Most people are uneasy at the thought of sharing personal information over the internet. Most of the time, that’s a good thing, but when it comes to looking for a work at home job you’re going to have to share some information. How do you know which information you should share when you’re applying for a work at home job?

Is Professionally Embarrassing Information Already Out There?

A lot of people have discovered that information they’ve shared online socially can impact them professionally. Some employers do check applicants out online, to see what’s out there.

No one has perfect control over what appears on a search for their name online. I’m not currently on the first page for my name, one of the curses of having a very common name. But since I’m not exactly going for the guru thing I’ve never stressed about getting my name up there in the rankings.

But the factors you do control you should take into consideration. Look over how you’re presenting yourself on social networks and anywhere else you appear online. Work at home jobs will mostly be concerned with your professionalism, and depending on the position you’re applying for these things can be quite relevant.

Pay Attention to Who You’re Sharing Information With

We all worry about being scammed when looking for stay at home jobs. It’s normal. There are a lot of scams out there.

This makes sharing even normal personal information requested on any other job application more difficult when you’re talking about applying online. You just don’t have the reassurance that you get from applying with a company you can more easily get information about and maybe even drive right by their location, as you could do with a local, outside the home job.

Fortunately, you can do a pretty good job of researching potential employers if you know how. The ones that more regularly hire work at home employees are usually well known on the work at home forums. Make sure you know the company’s name and do a little research on them before you apply for a job.

When in doubt, see if you can submit the online application without all the information filled out, and use the comment box (if available) to explain why you have left certain information out. A Social Security Number, for example, is necessary for a company to deal with taxes, and may be requested if a background check is being done. It’s really not necessary to share it otherwise, and you can take the chance of offering to provide it only if you make it that far in the hiring process that it become a necessary piece of information.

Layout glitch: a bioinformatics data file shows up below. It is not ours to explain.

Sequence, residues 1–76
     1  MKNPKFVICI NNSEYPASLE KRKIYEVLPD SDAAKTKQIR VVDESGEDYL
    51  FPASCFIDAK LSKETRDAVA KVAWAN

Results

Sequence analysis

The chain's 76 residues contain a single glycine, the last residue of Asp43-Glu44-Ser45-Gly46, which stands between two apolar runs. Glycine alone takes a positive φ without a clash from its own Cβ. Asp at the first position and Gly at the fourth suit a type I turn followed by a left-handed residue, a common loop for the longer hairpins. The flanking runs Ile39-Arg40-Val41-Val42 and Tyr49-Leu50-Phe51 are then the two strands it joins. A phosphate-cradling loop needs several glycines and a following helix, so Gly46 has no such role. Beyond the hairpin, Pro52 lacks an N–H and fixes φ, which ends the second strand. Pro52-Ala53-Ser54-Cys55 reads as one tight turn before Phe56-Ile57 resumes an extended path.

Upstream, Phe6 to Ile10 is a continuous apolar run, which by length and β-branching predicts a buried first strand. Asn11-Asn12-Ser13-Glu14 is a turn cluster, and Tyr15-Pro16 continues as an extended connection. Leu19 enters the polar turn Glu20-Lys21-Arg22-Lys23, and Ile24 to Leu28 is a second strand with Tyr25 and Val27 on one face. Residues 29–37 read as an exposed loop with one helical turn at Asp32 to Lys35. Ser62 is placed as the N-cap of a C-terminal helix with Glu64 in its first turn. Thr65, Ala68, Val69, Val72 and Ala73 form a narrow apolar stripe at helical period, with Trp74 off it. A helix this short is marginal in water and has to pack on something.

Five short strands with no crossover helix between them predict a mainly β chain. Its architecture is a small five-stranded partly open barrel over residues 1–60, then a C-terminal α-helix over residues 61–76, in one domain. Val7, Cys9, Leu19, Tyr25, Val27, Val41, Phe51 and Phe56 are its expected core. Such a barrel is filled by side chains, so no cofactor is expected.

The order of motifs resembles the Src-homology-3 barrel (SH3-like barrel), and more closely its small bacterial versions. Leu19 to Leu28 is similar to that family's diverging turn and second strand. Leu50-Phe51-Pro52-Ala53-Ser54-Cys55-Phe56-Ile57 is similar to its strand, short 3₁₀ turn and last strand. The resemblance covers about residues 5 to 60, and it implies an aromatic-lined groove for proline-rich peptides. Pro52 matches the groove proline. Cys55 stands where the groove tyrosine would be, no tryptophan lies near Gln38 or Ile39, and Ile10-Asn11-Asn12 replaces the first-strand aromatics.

Keep It Professional

One important thing to do when you’re looking for a job online is to make sure you give a professional appearance with the information you do provide. This means you don’t want to have an email address that’s fun to have socially but might make a potential employer lose interest in you. An email address based on your name is best for most purposes, and it can be nice to keep your job hunting emails separate from the usual personal stuff anyhow.

Potential employers also aren’t going to be interested in your home situation. Even if they’re hiring you for a home based position, they don’t need to know about your kids or how you’re going to handle caring for them while you work. That’s your problem and the expectation is that you’ll handle it.

What they do want to know is why you’re the right employee for them to hire. Make a good impression in that area by emphasizing your relevant skills. Potential employers need employees who know how to separate their family life from their work at home life. If you can’t do that in the application process, they may feel that you won’t keep them appropriately separated when you’re working.

Hunting for a job always means sharing some personal information. Someone offering you a job (not a business opportunity) without wanting to know about your work history probably doesn’t have a real job to offer you. Make sure you know what the appropriate limits are, and if it feels wrong to share a particular piece of information, find out if it’s really necessary to share it.